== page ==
CORK STAR DOIREANN O’Sullivan is backing her club manager, Shane Ronayne, to succeed in his new role with the Waterford senior footballers.
A renowned coach on the ladies football scene, the multiple All-Ireland winning boss is making his first major management move into the men’s game.
Ronayne was appointed Déise boss in January, having stepped down from his post in Tipperary the previous month. With the Premier county, he won four national titles in as many years, while he’s also steered Mourneabbey to back-to-back All-Ireland club crowns.
It was the latter where O’Sullivan worked under Ronayne, the Mitchelstown native taking the reins in 2014 before driving the Clyda outfit to six county and provincial championship titles in-a-row.
Having spoken to Ronayne on the phone earlier yesterday, O’Sullivan reports:
“He’s loving it, really happy to be back. I think the Waterford lads are really lucky to have Shane. He brings a huge professionalism to things.
I remember his first year with Mourneabbey, we were literally blown away with the stuff he was bringing us — and that was at club level, so you can only imagine he’s going to bring it to a whole new level at inter-county.
“He has great people with him. He was praising them this morning. He has the right structures in place. He was saying that for the first couple of weeks, he was keeping in nice and simple, getting the basics right and building that rapport with the players.
“Obviously Shane is at a disadvantage in that he has to try to get to know his management team and players, that takes time as well, and unfortunately, this year, time isn’t on his side.
“It’s a huge task in front of him but he loves that. He loves a challenge, so he’ll fly it.”
Another person she is backing to succeed in a new chapter is former team-mate Saoirse Noonan.
Saoirse Noonan at a home-based Republic of Ireland WNT squad training this week.
Source: Bryan Keane/INPHO
The dual star made the switch from Cork City to Shelbourne ahead of the 2021 Women’s National League [WNL] season, and stepped away from Ephie Fitzgerald’s Rebels set-up to concentrate on soccer — for now.
While ruing her loss, O’Sullivan completely understands Noonan’s decision.
“Absolutely,” she nods. “Look, I think it’s possible to balance camogie and football.
“We have a lot of dual players; Hannah Looney, Libby [Coppinger], Isobel [Sheehan], Maebh Cahalane; but it is different trying to balance soccer and football, given they’re two completely different Associations.
“She was struggling with fixture clashes, she was being dragged in too many directions so she made the decision this year to focus on soccer and give it 100% instead of, I suppose, getting distracted by other things.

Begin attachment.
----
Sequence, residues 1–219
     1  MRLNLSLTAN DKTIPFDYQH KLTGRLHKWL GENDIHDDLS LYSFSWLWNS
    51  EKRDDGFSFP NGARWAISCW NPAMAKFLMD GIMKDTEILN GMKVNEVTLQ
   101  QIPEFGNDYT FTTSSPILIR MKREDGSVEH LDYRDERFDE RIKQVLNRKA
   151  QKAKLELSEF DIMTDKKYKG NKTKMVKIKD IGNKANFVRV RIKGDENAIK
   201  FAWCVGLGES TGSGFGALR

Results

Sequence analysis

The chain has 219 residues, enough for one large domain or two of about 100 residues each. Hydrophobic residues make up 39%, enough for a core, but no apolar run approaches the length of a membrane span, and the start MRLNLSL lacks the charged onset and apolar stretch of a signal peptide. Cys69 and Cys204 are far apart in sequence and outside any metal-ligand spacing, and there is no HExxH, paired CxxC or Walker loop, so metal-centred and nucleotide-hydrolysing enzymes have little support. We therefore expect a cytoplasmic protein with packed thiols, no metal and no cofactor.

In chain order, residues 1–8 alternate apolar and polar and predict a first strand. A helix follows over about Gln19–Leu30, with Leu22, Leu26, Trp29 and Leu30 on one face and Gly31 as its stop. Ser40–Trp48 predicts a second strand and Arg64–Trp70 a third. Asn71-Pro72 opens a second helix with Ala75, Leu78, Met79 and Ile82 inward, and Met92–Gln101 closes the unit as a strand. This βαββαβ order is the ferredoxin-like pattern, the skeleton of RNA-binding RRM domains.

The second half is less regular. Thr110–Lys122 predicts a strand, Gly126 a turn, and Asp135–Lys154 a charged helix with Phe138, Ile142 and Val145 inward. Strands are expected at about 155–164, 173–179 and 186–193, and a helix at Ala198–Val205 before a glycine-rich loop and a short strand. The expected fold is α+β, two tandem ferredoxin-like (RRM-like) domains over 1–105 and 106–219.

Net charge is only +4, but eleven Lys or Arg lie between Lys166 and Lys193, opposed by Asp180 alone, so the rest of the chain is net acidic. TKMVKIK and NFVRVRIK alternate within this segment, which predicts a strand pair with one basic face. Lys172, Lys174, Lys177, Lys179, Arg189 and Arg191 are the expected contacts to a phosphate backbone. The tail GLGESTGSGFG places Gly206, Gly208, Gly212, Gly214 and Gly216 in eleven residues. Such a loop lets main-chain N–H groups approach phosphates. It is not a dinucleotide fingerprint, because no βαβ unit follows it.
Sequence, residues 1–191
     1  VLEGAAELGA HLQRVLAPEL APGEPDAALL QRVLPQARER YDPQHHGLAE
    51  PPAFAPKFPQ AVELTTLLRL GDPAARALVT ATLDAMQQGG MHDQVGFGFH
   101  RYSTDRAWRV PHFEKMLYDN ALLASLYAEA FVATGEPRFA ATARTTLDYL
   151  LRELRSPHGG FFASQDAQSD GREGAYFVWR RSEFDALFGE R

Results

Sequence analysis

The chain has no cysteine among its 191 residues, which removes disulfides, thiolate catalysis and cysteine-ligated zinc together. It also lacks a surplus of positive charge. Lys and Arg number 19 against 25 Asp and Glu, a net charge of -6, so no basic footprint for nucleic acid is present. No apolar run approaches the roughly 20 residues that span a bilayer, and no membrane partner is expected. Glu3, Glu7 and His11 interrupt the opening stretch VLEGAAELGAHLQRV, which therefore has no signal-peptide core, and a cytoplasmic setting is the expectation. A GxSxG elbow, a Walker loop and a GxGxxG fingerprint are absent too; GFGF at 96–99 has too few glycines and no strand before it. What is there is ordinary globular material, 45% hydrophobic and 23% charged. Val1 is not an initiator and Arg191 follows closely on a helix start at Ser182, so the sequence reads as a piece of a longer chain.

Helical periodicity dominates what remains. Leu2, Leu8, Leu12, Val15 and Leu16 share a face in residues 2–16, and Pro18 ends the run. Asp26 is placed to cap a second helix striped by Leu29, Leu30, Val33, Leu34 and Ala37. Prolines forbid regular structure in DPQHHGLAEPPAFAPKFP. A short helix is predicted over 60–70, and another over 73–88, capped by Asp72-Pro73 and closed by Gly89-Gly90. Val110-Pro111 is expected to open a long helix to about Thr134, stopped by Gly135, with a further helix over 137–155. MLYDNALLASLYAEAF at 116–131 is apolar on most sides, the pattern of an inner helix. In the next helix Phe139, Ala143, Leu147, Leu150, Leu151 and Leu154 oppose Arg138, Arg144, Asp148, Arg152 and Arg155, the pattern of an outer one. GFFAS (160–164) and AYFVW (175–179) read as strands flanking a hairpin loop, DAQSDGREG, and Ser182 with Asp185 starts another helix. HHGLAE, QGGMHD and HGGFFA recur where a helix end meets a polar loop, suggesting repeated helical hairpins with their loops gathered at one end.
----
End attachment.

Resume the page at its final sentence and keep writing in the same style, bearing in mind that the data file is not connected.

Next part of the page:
Unfortunately, we are really sad to see Saoirse step away this year but she’s 22, so I have no doubt she will be back in a Cork jersey in the years to come.”
It’s all about the current crop at the minute, plenty of continuity otherwise along with young blood as they look to bounce back from December’s All-Ireland final defeat to Dublin.
Normally, club football would be there as a fresh focus after the inter-county finale, so last year was certainly challenging given its absence, along with everything that was happening off the pitch.
“Obviously, that was a hard pill to swallow. We thought we had prepared exceptionally well, had a really good first half and a poor second half, to be honest. Look, Christmas wasn’t that enjoyable. Two years in-a-row, we were celebrating club All-Irelands.”
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Cork star Doireann O’Sullivan was speaking at the GPA Return to Play Media Event.
Source: Brendan Moran/SPORTSFILE
Soul-searching and analysis followed, with learnings to be taken going forward as they controlled the controllables through the lay-off.
After a successful return to training, the league kicks off on 23 May and Cork are in Division 1B alongside Dublin, Tipperary, and Waterford. That said, it is ”frustrating” not knowing the LGFA championship dates or format, with LGFA club and county players left in the dark while the GAA released its master fixture list three weeks ago.
But excitement is certainly building for the condensed league, as Cork find their feet.
“We are in transition. I kind of hate saying that but look, we are,” O’Sullivan noted at one point, just days after Niamh Cotter saying that that tag was grating on the team.
“We have lost a lot of players. Even I was watching Reeling In The Years there, the 2012 final, I think there’s two or three of us still on the team. We have a lot of new girls so we’ll be using a lot of players, as well as that league format to get the minutes under the belts.”
Different Backgrounds; One Association – Doireann O’Sullivan, Sarah Dervan, Paul Geaney and Dan Morrissey were taking part in the GPA’s Return to Play event to mark the first season where all senior inter-county players are part of the one player Association.
Different Backgrounds, One Association.
Thanks to Paul Geaney, Sarah Dervan, Doireann O’Sullivan and Dan Morrissey for taking part in the GPA’s Return to Play event to mark the first season where all senior inter-county players are part of the one player association. pic.twitter.com/zjEWlAZpmn
— GPA (@gaelicplayers) April 29, 2021
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